"Realization of this historical mission," Rabbi Schneerson said, "demands a complete about-face and reevaluation of our spiritual position. America's great genius has been in the development of the individual, of the pioneering and self-made man type. Although this helped in developing our potentialities by demanding every last ounce of ingenuity and perseverance, it has on the other hand focused too much attention on egoistic aims and interests. Personal goals have dominated. Only in our spare and leisure time, after we have carved our groove in terms of economic or social success, have we dedicated some time and effort to philanthropic and communal affairs. We have been social workers on an amateur, after-working-hours basis. This pattern of life has been no less characteristic of American Jews than of other Americans.

"But it is at this point that there must be a change of basic outlook and concomitant redirection and reorganization of our existence as a community and as individuals. Primarily we must live the life of social beings, with the responsibility and dedication of our best efforts for the clal, the community. Only then can we afford to invest in our own individual aims and goals."

This, Rabbi Schneerson stressed, was his main message to American Jews: "The only way American Jewry can live up to its historic task is by self-sacrificing, self-effacing mesirat nefesh for the Jewish clal.

"The thing we have to fear most at this moment is the defeatism and the defection that has gripped some of our best elements in this country in the face of the growing effects of so-called 'interfaith' movements, of the watering down of the very content of our religion to a point where our children will no longer know whether they are Jewish or not. Charity begins at home. We cannot talk of assuming responsibility for the rest of the Jewish world, of building new centers for Torah and Yiddishkeit elsewhere, even in Eretz Yisrael, when right here in our midst our brothers and sisters are being engulfed. More than that, we have no right to teach and lead others if at home we neglect the very thing we want to make others do.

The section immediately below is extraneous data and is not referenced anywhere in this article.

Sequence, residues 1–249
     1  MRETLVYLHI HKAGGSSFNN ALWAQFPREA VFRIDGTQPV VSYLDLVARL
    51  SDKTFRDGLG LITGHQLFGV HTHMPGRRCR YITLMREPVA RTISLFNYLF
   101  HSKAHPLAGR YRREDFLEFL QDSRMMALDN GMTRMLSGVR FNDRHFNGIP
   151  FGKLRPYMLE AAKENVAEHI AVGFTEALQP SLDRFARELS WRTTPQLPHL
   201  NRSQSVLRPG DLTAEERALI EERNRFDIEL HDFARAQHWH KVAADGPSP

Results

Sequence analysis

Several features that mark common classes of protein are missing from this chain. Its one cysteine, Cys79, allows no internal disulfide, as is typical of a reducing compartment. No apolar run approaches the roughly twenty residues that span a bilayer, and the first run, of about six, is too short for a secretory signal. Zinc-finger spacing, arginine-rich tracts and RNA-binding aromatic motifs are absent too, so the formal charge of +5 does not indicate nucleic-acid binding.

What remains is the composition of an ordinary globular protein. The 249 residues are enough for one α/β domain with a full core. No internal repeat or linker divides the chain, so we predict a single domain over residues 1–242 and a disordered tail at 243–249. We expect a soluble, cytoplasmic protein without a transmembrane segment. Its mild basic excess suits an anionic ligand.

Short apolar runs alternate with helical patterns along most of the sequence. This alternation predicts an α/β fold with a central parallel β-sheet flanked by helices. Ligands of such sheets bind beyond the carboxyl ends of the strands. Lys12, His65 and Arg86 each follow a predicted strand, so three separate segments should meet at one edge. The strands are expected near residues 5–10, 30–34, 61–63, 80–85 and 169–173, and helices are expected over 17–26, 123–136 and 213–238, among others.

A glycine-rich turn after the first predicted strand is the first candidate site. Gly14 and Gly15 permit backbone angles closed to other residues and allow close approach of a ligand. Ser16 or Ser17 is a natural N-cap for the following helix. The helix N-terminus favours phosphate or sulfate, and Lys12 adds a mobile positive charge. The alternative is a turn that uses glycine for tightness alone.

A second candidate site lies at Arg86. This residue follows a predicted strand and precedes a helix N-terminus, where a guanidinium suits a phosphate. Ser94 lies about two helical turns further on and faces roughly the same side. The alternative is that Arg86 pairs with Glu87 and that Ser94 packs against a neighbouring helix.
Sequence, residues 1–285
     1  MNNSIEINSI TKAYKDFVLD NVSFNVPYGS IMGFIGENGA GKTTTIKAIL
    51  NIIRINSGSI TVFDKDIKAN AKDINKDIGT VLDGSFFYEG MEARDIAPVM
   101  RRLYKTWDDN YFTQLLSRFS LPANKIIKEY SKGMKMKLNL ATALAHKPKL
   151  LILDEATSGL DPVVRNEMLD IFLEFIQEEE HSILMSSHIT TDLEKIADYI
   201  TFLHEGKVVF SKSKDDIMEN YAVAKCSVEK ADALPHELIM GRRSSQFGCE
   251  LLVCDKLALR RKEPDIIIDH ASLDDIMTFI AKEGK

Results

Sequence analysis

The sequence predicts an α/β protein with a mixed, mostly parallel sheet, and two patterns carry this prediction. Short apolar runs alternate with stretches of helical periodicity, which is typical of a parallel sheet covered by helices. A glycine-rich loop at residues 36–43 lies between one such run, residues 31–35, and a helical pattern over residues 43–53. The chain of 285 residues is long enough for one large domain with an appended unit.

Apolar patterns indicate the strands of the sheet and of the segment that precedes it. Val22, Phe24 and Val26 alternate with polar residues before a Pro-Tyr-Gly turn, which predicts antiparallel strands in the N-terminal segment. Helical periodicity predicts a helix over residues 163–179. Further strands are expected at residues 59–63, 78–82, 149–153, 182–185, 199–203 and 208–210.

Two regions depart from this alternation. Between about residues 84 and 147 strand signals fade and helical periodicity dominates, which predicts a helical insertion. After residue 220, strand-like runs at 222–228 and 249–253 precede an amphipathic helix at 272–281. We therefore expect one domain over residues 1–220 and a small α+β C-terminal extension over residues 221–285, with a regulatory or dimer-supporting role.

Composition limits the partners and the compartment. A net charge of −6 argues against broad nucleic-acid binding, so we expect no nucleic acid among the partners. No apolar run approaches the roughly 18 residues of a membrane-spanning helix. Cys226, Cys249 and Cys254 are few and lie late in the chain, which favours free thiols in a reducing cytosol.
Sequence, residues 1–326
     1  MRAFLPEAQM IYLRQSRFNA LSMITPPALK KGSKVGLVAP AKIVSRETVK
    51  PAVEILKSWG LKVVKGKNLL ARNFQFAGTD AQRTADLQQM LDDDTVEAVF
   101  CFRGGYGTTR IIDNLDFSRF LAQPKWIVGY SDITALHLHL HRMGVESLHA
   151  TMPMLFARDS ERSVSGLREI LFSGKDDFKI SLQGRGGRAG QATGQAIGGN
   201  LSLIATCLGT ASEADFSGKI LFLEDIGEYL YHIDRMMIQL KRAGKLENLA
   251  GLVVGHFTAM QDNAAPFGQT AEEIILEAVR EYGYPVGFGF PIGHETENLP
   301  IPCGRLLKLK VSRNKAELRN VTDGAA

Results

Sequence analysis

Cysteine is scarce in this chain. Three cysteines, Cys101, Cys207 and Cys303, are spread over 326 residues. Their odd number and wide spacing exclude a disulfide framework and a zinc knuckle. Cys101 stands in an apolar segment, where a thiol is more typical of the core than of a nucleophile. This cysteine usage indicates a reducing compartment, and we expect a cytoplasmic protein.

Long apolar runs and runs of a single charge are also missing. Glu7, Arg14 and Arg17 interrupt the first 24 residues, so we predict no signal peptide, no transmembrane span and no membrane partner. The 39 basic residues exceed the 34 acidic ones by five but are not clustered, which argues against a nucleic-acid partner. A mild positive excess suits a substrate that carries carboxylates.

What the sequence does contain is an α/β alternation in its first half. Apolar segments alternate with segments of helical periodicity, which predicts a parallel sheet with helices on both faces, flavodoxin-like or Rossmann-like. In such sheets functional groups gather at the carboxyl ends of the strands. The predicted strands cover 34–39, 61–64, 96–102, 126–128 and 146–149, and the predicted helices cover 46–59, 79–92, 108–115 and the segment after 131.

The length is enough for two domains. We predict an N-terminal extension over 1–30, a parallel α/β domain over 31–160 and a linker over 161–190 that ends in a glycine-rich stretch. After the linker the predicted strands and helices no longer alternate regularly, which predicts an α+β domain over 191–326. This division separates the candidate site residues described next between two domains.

"But," warned the Rebbe with a smile, "I don't want you to convey the impression that I am merely giving mussar - moral exhortations. It has never been the way of Lubavitch to givemussar only. Mussar serves us only as a means towards actions. Whatever we say or preach must be geared to some active goal. We ourselves can point to amazing results that draw in ever-widening circles of non-religious as well as religious elements of our people."